P16102: RIT-SPEX Structure
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Problem Definition

Table of Contents

Project Definition

RIT’s new Space Exploration (SPEX) group was created last year with the goal of bringing RIT into the field of CubeSat construction and experimentation. CubeSats are small vehicles used by industry, government, and universities to enable small scale experimentation with space systems. Electrical power for these systems is generally provided by solar panels and are restricted by the surface area of the vehicle. CubeSat deployable solar arrays are available for purchase, however they are too expensive to be of use to RIT SPEX.

The objective of this project is to create a first generation, deployable solar array for use in 1U sized CubeSats for RIT SPEX to support future development. The system must be capable of integrating with a general CubeSat bus while supplying the necessary power to CubeSat subsystems for both the pre-deployed start-up phase and mission phase. It must also be capable of reliably deploying after enduring the launch conditions described in the CubeSat Launch Initiative and P-POD User’s Guides. Lastly the system should be inexpensive to manufacture in comparison to similar systems.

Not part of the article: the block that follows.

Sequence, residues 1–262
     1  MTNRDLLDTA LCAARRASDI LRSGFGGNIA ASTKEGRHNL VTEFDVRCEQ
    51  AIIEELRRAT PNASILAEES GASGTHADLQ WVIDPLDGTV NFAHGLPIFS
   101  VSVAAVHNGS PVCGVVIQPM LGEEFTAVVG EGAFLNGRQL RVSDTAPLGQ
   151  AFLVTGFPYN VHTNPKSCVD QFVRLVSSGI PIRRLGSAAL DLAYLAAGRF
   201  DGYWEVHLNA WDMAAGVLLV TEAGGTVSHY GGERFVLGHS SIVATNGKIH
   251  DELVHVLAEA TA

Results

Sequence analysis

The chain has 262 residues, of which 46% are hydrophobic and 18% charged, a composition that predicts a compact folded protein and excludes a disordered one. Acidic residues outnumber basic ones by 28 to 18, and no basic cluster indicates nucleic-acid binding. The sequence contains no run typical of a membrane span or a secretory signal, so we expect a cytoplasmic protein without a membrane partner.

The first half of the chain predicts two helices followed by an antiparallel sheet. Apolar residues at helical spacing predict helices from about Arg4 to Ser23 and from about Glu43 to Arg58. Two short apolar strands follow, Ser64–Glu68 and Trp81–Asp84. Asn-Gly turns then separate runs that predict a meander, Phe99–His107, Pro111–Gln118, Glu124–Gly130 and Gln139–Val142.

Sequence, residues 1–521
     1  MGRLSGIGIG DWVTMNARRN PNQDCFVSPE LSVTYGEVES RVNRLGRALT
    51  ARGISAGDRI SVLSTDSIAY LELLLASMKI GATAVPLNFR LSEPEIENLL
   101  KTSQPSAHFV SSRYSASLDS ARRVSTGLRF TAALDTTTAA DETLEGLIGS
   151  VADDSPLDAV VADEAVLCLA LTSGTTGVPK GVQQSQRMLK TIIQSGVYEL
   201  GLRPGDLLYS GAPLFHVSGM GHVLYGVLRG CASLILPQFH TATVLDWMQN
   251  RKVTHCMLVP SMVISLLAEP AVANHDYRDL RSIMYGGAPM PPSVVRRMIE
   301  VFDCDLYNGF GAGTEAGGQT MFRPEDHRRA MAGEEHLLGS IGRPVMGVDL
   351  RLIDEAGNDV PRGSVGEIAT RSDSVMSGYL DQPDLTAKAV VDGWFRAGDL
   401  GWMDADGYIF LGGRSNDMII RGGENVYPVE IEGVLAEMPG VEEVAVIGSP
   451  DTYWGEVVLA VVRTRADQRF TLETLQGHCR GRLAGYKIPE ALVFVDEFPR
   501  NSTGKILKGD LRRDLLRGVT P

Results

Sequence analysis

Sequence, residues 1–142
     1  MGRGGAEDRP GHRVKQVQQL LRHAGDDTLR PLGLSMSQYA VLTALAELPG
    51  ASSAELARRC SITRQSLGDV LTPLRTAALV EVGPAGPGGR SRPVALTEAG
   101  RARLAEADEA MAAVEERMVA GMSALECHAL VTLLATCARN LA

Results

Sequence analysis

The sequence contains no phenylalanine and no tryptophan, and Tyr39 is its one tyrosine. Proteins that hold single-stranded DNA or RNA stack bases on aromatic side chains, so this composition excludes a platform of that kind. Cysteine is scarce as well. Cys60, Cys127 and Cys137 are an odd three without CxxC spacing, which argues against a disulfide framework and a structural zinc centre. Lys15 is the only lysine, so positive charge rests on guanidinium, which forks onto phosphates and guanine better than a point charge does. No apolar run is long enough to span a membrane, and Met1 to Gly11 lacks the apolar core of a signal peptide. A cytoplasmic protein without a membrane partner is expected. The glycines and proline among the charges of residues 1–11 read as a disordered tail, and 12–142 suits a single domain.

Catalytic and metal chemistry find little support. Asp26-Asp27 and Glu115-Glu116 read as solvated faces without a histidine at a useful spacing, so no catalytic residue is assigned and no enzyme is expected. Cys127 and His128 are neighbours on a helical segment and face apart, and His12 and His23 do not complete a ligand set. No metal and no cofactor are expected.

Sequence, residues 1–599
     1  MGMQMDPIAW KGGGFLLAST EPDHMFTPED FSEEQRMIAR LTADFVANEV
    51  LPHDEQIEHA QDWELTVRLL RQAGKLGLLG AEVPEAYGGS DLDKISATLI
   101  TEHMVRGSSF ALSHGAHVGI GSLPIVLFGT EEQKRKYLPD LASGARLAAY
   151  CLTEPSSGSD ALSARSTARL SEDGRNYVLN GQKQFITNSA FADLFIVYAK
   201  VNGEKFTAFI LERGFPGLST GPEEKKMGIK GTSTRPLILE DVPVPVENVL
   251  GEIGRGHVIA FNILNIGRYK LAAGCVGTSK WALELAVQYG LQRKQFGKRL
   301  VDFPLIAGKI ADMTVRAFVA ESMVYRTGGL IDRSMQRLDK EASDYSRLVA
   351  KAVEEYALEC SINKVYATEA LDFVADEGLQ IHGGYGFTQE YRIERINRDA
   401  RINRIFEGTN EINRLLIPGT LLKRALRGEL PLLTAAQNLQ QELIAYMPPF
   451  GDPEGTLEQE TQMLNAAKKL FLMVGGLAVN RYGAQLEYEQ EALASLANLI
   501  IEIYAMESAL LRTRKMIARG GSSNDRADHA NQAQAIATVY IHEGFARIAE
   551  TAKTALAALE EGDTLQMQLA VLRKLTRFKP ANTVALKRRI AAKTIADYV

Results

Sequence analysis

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Project Goals and Key Deliverables

Through the course of this project, we will:

Stakeholders

  1. RIT Space Exploration Research Group - Scientists
    • Dr. Dorin Patru
    • Power Segment of Satellite Development Segment
    • RIT SPEX
  2. Launch Services Provider
    • Typically a private company with their own set of standards
    • Integrates and launches the final vehicle
  3. Launch Provider
    • Responsible Governmental Agency
    • Provides the commands, orbital elements and flight path

Project Summary

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Use Cases

Typically, we found three types of users:

General Use Scenario

This use case scenario will deal with a relatively simple deployment from a PPOD hosted on the avionics ring of a launch vehicle.
Traditional Use Case

Traditional Use Case